I am editing a text in which the characters use quotations from the Bible quite often.

Example: Jeremiah turned toward him, "Therefore, I urge you, brothers and sisters, in view of God’s mercy, to offer your bodies as a living sacrifice..."

All he says is a quote from Romans:12. How do I show that he is quoting and these are not the character's words? Do I add single quotation marks around the entire quote? It looks weird, to say the least:

"'Therefore, I urge you, brothers and sisters, in view of God’s mercy, to offer your bodies as a living sacrifice...'"

I hope somebody can help. Thank you!

  • Is he quoting explicitly/intentionally ("as the bible says, blah blah blah"), or is he just injecting the quoted phrases into his speech more passively? Commented Mar 18, 2015 at 14:05
  • @MonicaCellio It's always passively.
    – Una_mas
    Commented Mar 18, 2015 at 14:12

2 Answers 2


In real life, you will not know if what someone says is a quote from a book or his own words, if you don't know the text that person is quoting from.

For example, if you are familiar with the Terminator movies and someone says "hasta la vista, baby," you might realize that they are quoting Arnold Schwarzenegger, but if you have never seen those movies you might think they have been taking Spanish classes.

To complicate things even more, even if you have seen the movie and recognize the phrase, you cannot be sure that the person is actually quoting it. Unless the person speaking is making a quotation mark gesture or speaking in a Schwarzenegger-like voice, they might have learned the phrase elsewhere or come up with it on their own.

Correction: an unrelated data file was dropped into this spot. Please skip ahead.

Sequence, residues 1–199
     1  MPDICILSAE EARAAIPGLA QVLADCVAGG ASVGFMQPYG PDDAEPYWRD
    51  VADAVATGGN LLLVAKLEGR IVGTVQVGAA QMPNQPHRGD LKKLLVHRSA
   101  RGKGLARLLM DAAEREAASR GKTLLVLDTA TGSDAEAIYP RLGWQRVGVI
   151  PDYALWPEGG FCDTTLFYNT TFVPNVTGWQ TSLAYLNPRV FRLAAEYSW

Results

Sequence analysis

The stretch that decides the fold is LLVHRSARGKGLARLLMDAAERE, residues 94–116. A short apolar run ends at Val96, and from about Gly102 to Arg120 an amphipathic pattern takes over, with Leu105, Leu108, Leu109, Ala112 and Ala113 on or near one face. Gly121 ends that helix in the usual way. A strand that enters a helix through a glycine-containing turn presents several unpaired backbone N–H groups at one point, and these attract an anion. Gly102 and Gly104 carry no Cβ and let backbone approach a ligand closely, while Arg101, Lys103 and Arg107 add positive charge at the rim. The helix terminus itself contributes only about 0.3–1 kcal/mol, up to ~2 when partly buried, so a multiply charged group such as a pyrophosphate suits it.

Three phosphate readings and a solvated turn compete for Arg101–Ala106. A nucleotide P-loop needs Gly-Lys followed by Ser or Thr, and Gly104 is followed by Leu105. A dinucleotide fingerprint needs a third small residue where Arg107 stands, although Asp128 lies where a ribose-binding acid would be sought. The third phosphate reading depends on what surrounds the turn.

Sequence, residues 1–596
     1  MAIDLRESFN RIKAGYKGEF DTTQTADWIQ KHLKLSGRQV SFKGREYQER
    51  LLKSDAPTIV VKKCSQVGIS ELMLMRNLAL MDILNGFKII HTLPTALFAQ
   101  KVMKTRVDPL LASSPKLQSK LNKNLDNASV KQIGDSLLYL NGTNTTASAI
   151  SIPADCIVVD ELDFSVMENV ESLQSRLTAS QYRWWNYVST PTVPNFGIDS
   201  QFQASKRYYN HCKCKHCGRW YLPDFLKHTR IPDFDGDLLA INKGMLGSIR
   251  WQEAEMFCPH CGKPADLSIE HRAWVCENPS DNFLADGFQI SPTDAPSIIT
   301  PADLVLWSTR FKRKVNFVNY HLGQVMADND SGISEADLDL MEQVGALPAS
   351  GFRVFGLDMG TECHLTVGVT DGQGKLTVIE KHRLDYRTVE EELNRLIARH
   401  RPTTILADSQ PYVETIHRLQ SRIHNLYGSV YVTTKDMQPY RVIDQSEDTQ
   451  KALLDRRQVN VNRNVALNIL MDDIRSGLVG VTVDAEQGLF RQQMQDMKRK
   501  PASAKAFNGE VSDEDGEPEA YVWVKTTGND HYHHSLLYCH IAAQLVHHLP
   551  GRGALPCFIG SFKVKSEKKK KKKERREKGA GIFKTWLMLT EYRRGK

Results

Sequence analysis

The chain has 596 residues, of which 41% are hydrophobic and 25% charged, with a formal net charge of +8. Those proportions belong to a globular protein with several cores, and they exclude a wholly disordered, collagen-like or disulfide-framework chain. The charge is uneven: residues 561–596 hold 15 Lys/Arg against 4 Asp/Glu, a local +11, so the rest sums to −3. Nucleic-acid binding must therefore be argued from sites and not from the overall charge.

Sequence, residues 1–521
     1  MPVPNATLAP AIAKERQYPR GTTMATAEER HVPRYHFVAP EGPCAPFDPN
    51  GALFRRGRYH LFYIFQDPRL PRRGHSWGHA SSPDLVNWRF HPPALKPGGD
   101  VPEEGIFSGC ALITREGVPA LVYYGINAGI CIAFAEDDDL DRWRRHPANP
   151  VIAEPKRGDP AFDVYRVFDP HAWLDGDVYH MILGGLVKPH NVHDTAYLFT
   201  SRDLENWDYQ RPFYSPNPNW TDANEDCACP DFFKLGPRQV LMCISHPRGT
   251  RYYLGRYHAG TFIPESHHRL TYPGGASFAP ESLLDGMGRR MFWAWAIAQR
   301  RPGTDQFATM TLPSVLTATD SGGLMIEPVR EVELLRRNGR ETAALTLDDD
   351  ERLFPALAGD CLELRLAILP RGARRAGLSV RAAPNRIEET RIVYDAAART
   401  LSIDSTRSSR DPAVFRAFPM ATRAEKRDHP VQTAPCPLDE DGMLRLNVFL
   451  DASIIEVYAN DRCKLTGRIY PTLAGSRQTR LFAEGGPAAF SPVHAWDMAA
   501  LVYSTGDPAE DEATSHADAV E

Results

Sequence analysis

Since dialogue in fiction mimics real life verbal behavior, you must not use quotation marks around quotations within dialogue. Any explanation of the quote must come from within the fictional world, e.g. the character is explaining that they are quoting a text, or the narrator explains that it is a quote. If the character is speaking in a special voice, mark up that voice (e.g. in italics) or let the narrator say that they are now speaking in such-and-such a voice, but do not use quotation marks within quotation marks (that is reserved for non-fiction quotes-within-quotes).

  • 1
    While I agree with this answer, I disagree that quotes within quotes can never be used in fiction. I've seen them used effectively, generally to convey tone of voice when a quote is being verbally implied. For example: > Ravi said, "As the bible says, 'never use air quotes or you risk looking foolish.'" Commented Mar 19, 2015 at 3:21
  • @NeilFein Personally I think that is bad style -- or rather: the misapplication of academic style to fiction.
    – user5645
    Commented Mar 19, 2015 at 5:56

Sorry, but a summary of the others' answers is: You don't.

You may cite your source, but it's up to your readers to know you're quoting, although the best way to make them realize he/she is quoting certain literature or media is to develop him/her to seem the kind of person who would quote it.

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